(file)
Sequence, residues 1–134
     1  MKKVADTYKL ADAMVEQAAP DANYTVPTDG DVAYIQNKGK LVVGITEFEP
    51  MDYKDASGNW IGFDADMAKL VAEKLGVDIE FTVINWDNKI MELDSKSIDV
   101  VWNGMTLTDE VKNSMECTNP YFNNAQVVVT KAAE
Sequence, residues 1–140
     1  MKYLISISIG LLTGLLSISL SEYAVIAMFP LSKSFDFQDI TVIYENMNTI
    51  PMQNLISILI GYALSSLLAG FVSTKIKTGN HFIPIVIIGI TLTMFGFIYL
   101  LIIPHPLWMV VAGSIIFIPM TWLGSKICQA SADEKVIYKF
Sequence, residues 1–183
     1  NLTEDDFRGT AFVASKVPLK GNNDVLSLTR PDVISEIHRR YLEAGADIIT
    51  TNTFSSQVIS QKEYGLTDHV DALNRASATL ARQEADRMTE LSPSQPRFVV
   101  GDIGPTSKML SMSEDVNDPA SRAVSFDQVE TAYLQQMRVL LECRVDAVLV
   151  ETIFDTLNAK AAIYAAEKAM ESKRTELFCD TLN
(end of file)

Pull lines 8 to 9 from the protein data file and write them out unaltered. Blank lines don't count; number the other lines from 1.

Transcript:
   101  LIIPHPLWMV VAGSIIFIPM TWLGSKICQA SADEKVIYKF
Sequence, residues 1–183